"Yes, of happy knowledge--of pleasant knowledge. But you haven't
suffered, and you're not made to suffer. I hope you'll never see the
She had listened to him attentively, with a smile on her lips, but with
a certain gravity in her eyes. Charming as he found her, she had struck
him as rather presumptuous--indeed it was a part of her charm; and he
wondered what she would say. "I'm not afraid, you know," she said: which
seemed quite presumptuous enough.
"You're not afraid of suffering?"
"Yes, I'm afraid of suffering. But I'm not afraid of ghosts. And I think
people suffer too easily," she added.
"I don't believe you do," said Ralph, looking at her with his hands in
"I don't think that's a fault," she answered. "It's not absolutely
necessary to suffer; we were not made for that."
"You were not, certainly."
"I'm not speaking of myself." And she wandered off a little.
"No, it isn't a fault," said her cousin. "It's a merit to be strong."
"Only, if you don't suffer they call you hard," Isabel remarked.
They passed out of the smaller drawing-room, into which they had
returned from the gallery, and paused in the hall, at the foot of the
staircase. Here Ralph presented his companion with her bedroom candle,
which he had taken from a niche. "Never mind what they call you. When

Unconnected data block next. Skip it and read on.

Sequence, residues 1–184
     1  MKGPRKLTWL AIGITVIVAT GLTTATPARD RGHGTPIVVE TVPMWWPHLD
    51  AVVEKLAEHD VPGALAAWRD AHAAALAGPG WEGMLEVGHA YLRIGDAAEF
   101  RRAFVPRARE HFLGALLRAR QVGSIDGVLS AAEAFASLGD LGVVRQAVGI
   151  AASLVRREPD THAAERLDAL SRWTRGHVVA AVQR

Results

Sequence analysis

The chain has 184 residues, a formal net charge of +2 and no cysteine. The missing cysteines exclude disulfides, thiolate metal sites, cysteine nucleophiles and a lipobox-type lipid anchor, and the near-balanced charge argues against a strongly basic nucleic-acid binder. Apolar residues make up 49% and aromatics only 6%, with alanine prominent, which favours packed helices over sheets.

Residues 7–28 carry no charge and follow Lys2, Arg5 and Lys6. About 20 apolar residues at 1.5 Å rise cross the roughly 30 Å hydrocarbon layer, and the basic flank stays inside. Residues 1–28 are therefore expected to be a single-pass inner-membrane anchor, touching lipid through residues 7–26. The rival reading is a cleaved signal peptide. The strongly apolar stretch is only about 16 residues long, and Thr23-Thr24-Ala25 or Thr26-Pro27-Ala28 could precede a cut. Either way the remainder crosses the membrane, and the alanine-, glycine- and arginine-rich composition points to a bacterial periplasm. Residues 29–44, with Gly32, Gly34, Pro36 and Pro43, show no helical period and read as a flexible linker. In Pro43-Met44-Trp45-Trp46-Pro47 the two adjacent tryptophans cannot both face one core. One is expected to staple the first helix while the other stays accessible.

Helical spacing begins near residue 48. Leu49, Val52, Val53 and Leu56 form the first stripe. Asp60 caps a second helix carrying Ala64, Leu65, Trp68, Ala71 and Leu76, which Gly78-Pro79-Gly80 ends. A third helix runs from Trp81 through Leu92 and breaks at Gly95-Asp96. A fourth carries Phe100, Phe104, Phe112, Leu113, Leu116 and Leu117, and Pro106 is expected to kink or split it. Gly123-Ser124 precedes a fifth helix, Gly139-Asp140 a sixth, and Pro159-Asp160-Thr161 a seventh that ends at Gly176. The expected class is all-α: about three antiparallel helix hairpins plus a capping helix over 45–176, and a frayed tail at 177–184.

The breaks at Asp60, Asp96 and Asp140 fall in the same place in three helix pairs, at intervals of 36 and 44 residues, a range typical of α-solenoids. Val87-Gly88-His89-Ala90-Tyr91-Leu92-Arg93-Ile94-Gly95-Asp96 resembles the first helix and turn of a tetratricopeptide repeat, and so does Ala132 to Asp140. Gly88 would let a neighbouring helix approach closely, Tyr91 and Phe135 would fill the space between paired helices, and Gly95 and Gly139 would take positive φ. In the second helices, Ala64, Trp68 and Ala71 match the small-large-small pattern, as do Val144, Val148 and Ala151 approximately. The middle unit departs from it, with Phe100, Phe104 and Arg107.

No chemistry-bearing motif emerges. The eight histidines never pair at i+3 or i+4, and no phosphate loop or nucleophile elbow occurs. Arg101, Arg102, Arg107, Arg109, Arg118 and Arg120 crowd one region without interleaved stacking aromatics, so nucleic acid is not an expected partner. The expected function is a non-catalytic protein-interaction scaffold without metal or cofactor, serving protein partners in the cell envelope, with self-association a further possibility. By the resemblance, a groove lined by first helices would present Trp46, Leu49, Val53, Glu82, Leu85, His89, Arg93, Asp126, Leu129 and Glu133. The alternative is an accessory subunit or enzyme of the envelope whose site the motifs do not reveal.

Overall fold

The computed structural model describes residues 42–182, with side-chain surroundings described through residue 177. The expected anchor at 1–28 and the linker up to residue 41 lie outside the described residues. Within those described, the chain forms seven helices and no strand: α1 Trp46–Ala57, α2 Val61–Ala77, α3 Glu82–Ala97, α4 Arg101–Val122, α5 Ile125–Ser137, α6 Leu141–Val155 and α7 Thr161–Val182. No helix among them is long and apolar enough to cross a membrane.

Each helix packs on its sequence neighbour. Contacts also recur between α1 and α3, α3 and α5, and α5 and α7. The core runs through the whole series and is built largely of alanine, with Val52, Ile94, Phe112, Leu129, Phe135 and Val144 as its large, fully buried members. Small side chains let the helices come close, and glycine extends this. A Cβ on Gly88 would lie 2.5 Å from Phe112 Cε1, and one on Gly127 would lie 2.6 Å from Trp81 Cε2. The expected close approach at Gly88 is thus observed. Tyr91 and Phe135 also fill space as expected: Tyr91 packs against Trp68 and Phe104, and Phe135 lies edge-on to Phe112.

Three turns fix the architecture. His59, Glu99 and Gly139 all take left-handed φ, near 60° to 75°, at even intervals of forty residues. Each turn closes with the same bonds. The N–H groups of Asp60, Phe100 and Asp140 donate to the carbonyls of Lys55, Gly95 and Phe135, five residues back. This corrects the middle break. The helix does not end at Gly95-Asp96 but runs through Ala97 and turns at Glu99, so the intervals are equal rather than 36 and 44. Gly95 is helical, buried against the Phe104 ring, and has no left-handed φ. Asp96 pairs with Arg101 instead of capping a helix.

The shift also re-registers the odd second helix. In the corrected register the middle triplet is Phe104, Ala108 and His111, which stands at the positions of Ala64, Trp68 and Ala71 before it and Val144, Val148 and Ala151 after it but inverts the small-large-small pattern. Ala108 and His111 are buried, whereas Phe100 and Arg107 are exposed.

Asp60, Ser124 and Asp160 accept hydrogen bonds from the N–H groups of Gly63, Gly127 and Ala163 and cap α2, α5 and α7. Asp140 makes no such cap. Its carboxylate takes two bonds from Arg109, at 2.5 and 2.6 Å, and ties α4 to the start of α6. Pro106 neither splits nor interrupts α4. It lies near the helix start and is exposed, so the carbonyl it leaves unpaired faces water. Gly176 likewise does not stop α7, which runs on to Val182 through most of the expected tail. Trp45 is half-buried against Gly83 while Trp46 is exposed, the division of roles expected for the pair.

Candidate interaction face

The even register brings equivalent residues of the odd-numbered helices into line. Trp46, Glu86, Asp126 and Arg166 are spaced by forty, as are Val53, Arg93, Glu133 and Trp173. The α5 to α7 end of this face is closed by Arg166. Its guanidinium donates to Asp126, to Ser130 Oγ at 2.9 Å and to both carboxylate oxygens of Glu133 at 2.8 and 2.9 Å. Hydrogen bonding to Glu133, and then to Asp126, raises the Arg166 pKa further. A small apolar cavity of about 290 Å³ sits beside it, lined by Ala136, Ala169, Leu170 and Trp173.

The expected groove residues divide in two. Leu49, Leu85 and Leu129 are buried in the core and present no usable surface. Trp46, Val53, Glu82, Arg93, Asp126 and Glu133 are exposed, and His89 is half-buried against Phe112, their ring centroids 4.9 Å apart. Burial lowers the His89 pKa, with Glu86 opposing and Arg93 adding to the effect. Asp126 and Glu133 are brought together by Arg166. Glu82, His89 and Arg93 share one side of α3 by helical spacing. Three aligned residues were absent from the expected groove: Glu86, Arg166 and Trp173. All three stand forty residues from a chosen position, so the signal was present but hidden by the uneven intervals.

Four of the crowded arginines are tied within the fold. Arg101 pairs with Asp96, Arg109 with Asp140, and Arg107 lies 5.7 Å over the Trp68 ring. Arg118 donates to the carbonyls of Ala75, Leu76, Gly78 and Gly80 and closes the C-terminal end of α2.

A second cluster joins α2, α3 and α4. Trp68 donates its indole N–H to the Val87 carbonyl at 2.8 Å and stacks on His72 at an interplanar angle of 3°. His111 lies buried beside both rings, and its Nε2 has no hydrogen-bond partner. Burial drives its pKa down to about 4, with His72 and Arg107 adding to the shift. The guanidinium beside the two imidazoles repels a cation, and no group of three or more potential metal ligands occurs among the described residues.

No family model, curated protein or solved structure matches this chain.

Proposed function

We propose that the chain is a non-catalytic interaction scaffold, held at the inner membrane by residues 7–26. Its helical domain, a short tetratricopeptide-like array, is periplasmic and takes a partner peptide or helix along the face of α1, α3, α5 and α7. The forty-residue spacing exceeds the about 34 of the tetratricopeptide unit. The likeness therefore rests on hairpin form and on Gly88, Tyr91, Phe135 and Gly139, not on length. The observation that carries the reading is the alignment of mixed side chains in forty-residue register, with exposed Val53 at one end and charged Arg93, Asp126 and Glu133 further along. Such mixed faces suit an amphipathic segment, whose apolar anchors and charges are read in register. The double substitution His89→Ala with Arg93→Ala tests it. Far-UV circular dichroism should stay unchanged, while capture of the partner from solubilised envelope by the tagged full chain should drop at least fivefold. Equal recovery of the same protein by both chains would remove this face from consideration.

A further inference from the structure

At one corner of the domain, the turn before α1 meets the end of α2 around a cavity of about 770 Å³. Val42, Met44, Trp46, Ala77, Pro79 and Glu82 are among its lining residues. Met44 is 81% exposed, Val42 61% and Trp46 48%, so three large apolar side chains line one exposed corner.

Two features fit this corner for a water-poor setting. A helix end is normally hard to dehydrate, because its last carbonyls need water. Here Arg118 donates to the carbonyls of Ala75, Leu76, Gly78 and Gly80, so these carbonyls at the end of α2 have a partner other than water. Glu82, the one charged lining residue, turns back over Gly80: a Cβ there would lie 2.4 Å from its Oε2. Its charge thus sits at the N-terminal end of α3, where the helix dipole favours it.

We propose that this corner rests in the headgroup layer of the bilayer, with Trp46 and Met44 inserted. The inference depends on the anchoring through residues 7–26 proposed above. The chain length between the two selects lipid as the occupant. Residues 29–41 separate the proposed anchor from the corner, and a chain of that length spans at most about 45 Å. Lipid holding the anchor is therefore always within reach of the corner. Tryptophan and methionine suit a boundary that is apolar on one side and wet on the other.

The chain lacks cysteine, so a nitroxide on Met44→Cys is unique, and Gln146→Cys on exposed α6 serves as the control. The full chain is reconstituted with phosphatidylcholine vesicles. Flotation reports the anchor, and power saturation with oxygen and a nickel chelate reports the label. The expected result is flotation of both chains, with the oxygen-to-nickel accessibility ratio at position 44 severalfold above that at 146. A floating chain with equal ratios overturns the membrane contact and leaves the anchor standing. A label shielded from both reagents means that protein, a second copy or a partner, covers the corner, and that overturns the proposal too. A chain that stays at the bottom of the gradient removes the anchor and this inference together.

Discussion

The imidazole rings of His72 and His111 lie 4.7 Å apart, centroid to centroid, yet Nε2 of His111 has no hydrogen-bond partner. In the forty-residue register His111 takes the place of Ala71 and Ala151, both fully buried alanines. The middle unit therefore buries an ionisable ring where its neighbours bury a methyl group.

you do suffer they call you an idiot. The great point's to be as happy
She looked at him a little; she had taken her candle and placed her foot
on the oaken stair. "Well," she said, "that's what I came to Europe for,
to be as happy as possible. Good-night."
"Good-night! I wish you all success, and shall be very glad to
contribute to it!"
She turned away, and he watched her as she slowly ascended. Then, with
his hands always in his pockets, he went back to the empty drawing-room.
Isabel Archer was a young person of many theories; her imagination was
remarkably active. It had been her fortune to possess a finer mind
than most of the persons among whom her lot was cast; to have a larger
perception of surrounding facts and to care for knowledge that was
tinged with the unfamiliar. It is true that among her contemporaries
she passed for a young woman of extraordinary profundity; for these
excellent people never withheld their admiration from a reach of
intellect of which they themselves were not conscious, and spoke of
Isabel as a prodigy of learning, a creature reported to have read the
classic authors--in translations. Her paternal aunt, Mrs. Varian, once
spread the rumour that Isabel was writing a book--Mrs. Varian having a
reverence for books, and averred that the girl would distinguish herself
in print. Mrs. Varian thought highly of literature, for which she
entertained that esteem that is connected with a sense of privation.